I’ve been publishing a blog “A New Yorker Talks to Herself about Maine” for over a year now. I started it when I noticed that friends and co-workers in NYC began looking for escape routes once I started talking about Maine. I wanted to talk about how fast peregrines dive. They wanted to talk about a Sabathia fastball. I wanted to talk about hiking the Western Mountains vs. the ones near Bar Harbor. They wanted to talk about Gossip Girl vs. NYC Prep. The only solution was to give myself an outlet through blogging.

So, I now have 27 posts on WordPress. The most popular post I ever published was “22 Great Things to Do with Your Kids in Acadia National Park.” It was so strong — attracting eight times more visitors than my next most popular post – that I made it a permanent page on my Web site about Acadia. Three of my top 12 posts have to do with kids in Acadia.

That just goes to prove the old advertising adage: put kids or dogs in your commercial, and you’ll get more attention.

The next most surefire way to spark interest in a Maine blog has been to write about lobster. Three of my top seven posts are about lobster – whether it’s finding the best lobster roll, defining lobster pound, or comparing hard vs. soft-shell.

By the way, I was surprised to find virtually no interest at all in locating the best clam chowder. I got only three hits and one was from my neighbor Bill in Somesville.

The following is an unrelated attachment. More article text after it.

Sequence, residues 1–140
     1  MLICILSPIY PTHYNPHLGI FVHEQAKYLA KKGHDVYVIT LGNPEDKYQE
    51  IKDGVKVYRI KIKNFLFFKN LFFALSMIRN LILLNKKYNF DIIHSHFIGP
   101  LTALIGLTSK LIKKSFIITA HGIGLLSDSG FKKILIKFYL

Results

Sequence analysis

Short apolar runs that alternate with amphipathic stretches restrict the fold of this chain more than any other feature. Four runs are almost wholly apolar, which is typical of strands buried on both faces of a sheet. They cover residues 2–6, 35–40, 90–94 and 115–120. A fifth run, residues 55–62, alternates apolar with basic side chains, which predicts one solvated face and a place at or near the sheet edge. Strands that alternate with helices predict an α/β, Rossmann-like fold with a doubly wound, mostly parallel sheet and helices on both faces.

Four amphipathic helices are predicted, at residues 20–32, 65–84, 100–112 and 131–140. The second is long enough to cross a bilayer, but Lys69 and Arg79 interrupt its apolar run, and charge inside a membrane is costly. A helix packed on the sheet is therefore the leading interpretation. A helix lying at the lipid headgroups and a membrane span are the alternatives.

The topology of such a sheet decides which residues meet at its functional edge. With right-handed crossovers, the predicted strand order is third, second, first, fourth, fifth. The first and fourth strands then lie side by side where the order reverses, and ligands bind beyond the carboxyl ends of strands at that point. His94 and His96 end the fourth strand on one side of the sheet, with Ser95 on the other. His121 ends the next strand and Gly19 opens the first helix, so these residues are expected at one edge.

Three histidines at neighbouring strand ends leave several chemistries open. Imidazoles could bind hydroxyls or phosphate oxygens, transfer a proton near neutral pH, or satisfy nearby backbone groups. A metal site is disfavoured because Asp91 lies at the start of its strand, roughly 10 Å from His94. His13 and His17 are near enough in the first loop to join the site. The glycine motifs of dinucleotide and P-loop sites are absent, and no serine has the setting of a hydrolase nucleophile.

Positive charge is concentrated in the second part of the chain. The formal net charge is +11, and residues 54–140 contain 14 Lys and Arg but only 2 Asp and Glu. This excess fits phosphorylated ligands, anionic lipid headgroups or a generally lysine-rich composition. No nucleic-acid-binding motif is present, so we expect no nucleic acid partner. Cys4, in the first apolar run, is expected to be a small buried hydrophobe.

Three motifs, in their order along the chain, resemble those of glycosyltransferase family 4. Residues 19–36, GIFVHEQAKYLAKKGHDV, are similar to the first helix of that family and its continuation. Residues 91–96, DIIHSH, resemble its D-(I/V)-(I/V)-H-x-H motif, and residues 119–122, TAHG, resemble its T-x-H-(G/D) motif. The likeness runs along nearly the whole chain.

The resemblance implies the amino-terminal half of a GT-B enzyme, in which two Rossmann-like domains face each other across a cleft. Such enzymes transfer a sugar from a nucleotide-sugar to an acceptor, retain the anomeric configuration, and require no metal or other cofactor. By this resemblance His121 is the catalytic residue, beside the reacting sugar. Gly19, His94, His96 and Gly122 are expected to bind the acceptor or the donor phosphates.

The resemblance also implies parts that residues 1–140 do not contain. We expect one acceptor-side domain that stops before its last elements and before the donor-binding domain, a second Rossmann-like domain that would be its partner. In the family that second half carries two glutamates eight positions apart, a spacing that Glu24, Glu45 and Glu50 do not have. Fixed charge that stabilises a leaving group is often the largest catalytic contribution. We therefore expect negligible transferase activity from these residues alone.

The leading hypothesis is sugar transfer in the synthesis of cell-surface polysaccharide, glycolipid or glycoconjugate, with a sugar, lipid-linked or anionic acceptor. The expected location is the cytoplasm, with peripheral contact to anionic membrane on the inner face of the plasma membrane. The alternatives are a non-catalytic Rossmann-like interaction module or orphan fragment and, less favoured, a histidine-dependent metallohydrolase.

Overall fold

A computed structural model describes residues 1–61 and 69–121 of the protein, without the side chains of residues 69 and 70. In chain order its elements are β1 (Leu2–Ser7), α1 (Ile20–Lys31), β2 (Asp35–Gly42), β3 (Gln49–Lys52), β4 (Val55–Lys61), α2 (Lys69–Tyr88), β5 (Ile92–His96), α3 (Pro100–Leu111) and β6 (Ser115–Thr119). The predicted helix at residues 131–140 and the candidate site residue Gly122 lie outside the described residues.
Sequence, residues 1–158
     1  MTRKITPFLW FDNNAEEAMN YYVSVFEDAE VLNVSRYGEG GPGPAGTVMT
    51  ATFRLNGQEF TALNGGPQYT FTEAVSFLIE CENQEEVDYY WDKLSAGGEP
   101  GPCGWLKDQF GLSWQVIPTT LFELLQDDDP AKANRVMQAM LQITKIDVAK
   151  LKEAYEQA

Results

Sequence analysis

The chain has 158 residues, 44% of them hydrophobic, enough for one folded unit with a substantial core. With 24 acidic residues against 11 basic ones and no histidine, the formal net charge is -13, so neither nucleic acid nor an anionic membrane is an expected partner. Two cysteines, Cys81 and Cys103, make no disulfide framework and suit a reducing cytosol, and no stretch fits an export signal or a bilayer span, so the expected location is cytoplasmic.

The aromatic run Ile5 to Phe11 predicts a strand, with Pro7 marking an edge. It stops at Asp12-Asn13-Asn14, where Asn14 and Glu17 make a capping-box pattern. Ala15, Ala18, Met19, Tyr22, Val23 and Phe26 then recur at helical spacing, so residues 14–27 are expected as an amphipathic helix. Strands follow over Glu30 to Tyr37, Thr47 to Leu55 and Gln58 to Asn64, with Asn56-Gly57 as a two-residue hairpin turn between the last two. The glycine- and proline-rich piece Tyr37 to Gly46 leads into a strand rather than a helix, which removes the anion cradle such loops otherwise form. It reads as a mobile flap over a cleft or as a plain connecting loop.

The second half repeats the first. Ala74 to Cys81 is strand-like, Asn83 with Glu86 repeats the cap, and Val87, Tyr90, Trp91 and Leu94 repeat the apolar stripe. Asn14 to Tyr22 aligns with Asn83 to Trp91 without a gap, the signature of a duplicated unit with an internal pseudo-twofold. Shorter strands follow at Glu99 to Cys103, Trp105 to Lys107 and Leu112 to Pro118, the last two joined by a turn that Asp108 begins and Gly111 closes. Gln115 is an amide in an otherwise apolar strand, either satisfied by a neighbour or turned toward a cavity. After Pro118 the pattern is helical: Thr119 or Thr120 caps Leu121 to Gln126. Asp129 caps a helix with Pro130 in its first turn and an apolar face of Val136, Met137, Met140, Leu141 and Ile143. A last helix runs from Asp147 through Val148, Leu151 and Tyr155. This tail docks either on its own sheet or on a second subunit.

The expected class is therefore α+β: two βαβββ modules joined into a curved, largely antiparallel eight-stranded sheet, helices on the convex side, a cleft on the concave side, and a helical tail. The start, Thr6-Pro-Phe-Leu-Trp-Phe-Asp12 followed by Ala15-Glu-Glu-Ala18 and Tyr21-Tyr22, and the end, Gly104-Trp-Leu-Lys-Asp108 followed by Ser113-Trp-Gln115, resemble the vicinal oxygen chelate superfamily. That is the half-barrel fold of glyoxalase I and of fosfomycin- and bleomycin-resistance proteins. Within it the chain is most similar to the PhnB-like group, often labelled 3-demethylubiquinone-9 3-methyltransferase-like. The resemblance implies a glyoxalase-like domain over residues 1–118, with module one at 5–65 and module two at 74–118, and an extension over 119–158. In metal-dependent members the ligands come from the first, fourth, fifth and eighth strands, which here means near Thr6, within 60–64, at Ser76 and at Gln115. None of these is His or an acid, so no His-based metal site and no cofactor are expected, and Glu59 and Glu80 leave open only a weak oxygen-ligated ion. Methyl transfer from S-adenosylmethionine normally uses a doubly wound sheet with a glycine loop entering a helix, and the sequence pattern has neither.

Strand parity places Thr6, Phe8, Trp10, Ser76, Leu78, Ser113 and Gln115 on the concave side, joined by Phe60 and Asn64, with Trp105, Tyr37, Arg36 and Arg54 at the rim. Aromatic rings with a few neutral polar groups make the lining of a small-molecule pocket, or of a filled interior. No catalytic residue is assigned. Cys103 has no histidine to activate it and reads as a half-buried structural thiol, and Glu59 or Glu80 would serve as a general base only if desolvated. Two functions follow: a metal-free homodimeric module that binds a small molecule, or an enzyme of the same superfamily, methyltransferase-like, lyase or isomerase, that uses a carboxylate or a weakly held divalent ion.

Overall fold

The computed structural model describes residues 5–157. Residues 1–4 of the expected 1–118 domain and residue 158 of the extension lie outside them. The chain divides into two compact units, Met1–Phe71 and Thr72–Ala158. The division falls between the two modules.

You won’t be surprised that the big winners among my blogs this summer had to do with what to do on MDI if it rains! Those posts accelerated into the top ten.

According to Google, people search far more for “Bar Harbor” than “Acadia National Park,” especially during the summer. So, I frequently feature Bar Harbor in the title of my posts. That’s not an automatic key to success, however — two of my weakest five had Bar Harbor in the headline.

One of the things that has surprised me most is how few people are interested in reading about eco-tourism and Acadia. Twenty times more people wanted to find out the origin of the term “lobster pound” than sought to learn how Bar Harbor helps promote eco-tourism.

That’s a prime example of paying attention to what people do vs. say.

Finally, I published the same story about Diver Ed and the Dive-In Theatre under two different headlines. One compared the benefits of going out on the Starfish Enterprise as an alternative to whale watching. The other asked, “Can Three Graduates of NYC Prep Find Happiness Looking for Starfish on the Maine Coast?” (I thought I’d try to draft in behind the popularity of this new reality show.)

 I’m happy to report whale watching won. I feel vindicated about my favorite reality show.